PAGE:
U.S. Pat. No. 5,879,898 discloses a specific antibody that binds to a 129 bp exon of a human CD44 variant 6 that produces a 43 amino acid peptide. The monoclonal antibody is produced by a number of hybridoma cell lines: MAK<CD44>M-1.1.12, MAK<CD44>M-2.42.3, MAK<CD44>M-4.3.16. The antibody is generated from a fusion protein that contains at least a hexapeptide of the novel CD44 v6 amino acid sequence. Further, there is a disclosure of an immunoassay for the detection of exon 6 variant that can be used as a cancer diagnostic. Significantly, there is no in vitro or in vivo function of this antibody disclosed.
U.S. Pat. No. 5,942,417 discloses a polynucleotide that encodes a CD44 like polypeptide, and the method of making a recombinant protein using the polynucleotide and its variants. Antibodies are claimed to these polypeptides however there are no specific examples and there are no deposited clones secreting such antibodies. Northern blots demonstrate the appearance of the polynucleotide in several types of tissues, but there is no accompanying evidence that there is translation and expression of this polynucleotide. Therefore, there is no evidence that there were antibodies to be made to the gene product of this polynucleotide, that these antibodies would have either in vitro or in vivo function, and whether they would be relevant to human cancerous disease.
U.S. Pat. No. 5,885,575 discloses an antibody that reacts with a variant epitope of CD44 and methods of identifying the variant through the use of the antibody. The isolated polynucleotide encoding this variant was isolated from rat cells, and the antibody, mAb1.1ASML, directed against this variant recognizes proteins of molecular weight 120 kD, 150 kD, 180 kD, and 200 kD. The administration of monoclonal antibody 1.1ASML delayed the growth and metastases of rat BSp73ASML in isogenic rats. Significantly 1.1ASML does not recognize human tumors as demonstrated by its lack of reactivity to LCLC97 human large-cell lung carcinoma. A human homolog was isolated from LCLC97 but no equivalent antibody recognizing this homolog was produced. Thus, although an antibody specific to a variant of rat CD44 was produced and shown to affect the growth and metastasis of rat tumors there is no evidence for the effect the this antibody against human tumors. More specifically the inventors point out that this antibody does not recognize human cancers.
The instant inventors have previously been awarded U.S. Pat. No. 6,180,357, entitled “Individualized Patient Specific Anti-Cancer Antibodies” directed to a process for selecting individually customized anti-cancer antibodies which are useful in treating a cancerous disease. It is well recognized in the art that some amino acid sequence can be varied in a polypeptide without significant effect on the structure or function of the protein. In the molecular rearrangement of antibodies, modifications in the nucleic or amino acid sequence of the backbone region can generally be tolerated. These include, but are not limited to, substitutions (preferred are conservative substitutions), deletions or additions. Furthermore, it is within the purview of this invention to conjugate standard chemotherapeutic modalities, e.g. radionuclides, with the CDMAB of the instant invention, thereby focusing the use of said chemotherapeutics. The CDMAB can also be conjugated to toxins, cytotoxic moieties, enzymes e.g. biotin conjugated enzymes, or hematogenous cells, thereby forming an antibody conjugate.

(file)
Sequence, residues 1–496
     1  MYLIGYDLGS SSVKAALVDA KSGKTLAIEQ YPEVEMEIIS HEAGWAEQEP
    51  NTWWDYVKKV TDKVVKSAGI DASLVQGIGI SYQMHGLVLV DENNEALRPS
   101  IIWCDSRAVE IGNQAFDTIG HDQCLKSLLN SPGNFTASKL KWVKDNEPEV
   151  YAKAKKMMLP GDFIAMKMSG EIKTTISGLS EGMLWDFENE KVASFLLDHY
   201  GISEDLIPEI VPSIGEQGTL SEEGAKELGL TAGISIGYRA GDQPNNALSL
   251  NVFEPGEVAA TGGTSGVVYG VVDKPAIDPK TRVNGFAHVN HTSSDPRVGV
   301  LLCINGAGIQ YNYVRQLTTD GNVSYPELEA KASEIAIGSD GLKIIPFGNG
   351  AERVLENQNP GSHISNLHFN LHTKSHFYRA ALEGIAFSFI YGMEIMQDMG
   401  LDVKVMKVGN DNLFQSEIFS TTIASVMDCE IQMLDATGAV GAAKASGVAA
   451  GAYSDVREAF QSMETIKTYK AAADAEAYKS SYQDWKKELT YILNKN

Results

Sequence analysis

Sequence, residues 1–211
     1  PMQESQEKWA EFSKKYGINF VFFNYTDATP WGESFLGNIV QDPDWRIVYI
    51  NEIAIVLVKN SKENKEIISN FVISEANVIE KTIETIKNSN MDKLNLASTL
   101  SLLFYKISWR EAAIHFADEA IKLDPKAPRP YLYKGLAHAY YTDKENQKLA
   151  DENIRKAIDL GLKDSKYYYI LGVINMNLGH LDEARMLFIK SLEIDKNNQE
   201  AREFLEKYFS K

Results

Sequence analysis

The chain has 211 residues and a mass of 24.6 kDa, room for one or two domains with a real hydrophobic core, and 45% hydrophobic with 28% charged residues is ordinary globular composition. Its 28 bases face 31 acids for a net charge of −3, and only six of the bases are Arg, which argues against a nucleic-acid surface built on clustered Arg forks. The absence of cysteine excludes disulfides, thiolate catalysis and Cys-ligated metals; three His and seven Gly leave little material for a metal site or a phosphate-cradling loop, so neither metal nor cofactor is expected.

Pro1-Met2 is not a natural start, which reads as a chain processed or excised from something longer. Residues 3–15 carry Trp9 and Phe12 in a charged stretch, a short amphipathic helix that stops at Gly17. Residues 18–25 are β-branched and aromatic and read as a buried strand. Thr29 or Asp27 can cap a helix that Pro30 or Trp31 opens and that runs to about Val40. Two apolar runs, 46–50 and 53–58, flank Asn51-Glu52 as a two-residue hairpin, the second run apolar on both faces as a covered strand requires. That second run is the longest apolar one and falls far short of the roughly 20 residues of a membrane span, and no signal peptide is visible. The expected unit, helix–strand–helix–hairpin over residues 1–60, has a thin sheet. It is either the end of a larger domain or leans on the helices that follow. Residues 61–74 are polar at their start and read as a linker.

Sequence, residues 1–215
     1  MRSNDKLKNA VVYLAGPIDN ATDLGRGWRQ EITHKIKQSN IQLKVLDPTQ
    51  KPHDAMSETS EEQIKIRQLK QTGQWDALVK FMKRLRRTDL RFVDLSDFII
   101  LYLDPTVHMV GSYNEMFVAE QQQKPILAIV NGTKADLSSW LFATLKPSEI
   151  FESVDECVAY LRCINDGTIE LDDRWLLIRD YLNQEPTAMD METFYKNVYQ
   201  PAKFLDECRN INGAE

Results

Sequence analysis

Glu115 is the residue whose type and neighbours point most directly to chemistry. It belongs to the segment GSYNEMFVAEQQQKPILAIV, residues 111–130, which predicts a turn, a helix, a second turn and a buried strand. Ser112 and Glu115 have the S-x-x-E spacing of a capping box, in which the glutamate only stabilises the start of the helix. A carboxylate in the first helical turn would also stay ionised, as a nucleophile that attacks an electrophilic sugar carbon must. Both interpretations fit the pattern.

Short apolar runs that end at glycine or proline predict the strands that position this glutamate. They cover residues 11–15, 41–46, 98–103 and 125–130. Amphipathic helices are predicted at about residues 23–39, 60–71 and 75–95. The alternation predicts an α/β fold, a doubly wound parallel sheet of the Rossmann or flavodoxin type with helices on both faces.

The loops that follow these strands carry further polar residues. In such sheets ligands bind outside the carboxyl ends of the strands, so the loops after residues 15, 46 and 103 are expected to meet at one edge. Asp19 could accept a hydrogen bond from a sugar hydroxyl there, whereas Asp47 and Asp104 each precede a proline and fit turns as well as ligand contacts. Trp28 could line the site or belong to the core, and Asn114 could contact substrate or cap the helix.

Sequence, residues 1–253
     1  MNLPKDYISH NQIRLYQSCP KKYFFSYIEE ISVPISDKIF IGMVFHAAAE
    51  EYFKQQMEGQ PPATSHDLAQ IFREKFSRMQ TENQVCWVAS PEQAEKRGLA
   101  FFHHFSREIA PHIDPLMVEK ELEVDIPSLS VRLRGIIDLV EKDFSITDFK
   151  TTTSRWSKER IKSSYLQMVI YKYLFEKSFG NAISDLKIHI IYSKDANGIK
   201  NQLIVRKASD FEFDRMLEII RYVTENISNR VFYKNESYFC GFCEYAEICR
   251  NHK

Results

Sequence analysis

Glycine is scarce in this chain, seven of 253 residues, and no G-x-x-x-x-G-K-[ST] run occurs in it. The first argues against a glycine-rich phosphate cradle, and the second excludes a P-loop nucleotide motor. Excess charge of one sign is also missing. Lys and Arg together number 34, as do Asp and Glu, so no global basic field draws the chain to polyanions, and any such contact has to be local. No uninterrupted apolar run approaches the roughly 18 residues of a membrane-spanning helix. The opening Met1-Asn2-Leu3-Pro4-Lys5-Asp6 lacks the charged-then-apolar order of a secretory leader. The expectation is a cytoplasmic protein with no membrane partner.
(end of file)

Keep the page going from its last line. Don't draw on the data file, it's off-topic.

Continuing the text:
This application utilizes the method for producing patient specific anti-cancer antibodies as taught in the '357 patent for isolating hybridoma cell lines which encode for cancerous disease modifying monoclonal antibodies. These antibodies can be made specifically for one tumor and thus make possible the customization of cancer therapy. Within the context of this application, anti-cancer antibodies having either cell-killing (cytotoxic) or cell-growth inhibiting (cytostatic) properties will hereafter be referred to as cytotoxic. These antibodies can be used in aid of staging and diagnosis of a cancer, and can be used to treat tumor metastases. These antibodies can also be used for the prevention of cancer by way of prophylactic treatment. Unlike antibodies generated according to traditional drug discovery paradigms, antibodies generated in this way may target molecules and pathways not previously shown to be integral to the growth and/or survival of malignant tissue. Furthermore, the binding affinity of these antibodies are suited to requirements for initiation of the cytotoxic events that may not be amenable to stronger affinity interactions.